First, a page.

It is sheer insanity: Republicans keep giving more and more ground on taxes and “revenue” – which is not the problem – and, yet again, pushing off addressing spending until later – kicking the lump of coal down the road in some absurd anticipation that they’ll actually get more spending cuts then in exchange for a debt ceiling increase. (Because we all know that worked so well the last time they negotiated on that one.)
Have our Republican leaders not learned anything about this president in the past four years? Apparently not.
As I see it, there are two possible alternatives for this fiscal cliff debacle:
- Obama gets some version of what he wants – tax hikes on the so-called rich (really, on investments and small businesses) and insignificant reductions in spending increases in the future.
- The Grinch stays grinchy, his heart remains small, and we go over the cliff – resulting in higher taxes for all but deeper (yet still fairly small) cuts in spending increases that at least get us started on the path to fiscal sanity.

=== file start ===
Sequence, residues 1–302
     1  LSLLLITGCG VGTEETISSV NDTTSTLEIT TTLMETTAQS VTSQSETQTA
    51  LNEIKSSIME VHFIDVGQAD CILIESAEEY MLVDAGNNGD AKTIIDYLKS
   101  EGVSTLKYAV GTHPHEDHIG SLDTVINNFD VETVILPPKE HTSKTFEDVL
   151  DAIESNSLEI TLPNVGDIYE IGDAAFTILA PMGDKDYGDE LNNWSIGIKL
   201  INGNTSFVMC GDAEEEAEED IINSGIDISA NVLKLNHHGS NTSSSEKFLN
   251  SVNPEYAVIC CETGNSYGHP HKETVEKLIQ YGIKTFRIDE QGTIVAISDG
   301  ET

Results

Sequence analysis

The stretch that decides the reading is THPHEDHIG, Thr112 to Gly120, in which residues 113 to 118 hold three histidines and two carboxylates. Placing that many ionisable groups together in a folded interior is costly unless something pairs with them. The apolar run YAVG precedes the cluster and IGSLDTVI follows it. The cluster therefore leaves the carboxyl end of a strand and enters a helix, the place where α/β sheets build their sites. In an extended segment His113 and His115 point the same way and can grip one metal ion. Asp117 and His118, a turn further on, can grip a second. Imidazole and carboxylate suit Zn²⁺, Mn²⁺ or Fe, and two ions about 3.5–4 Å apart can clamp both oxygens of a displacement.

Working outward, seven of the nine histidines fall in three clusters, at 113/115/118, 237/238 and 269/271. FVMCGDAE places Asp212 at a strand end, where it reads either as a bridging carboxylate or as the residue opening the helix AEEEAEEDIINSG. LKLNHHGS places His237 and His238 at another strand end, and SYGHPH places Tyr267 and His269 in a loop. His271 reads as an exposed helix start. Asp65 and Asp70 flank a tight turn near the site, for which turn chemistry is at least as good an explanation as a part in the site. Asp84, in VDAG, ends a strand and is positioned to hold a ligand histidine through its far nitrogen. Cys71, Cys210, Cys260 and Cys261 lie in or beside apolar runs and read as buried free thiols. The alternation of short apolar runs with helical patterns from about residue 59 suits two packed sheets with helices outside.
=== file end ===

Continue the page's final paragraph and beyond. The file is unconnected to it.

Believe me, I’ve been resisting this inkling for weeks, but it’s time we choose the latter. I’m sorry, Max, but we’ve got to go over the cliff.
At this rate, and with the faulty leadership we’ve got in Congress right now, economy-crippling tax increases are going to happen no matter what. Obamacare taxes will start going into full effect next month, and if Obama gets his way on the “fiscal cliff,” we’d not only see a rise in income taxes on countless small business owners, but a 57% increase in capital gains tax rates to 23.6% and a near-tripling in dividends tax rates to 43.2% (including Obamacare surcharges). Talk about a way to gut economic growth and launch us into a second recession. As the nonpartisan Tax Foundation reports: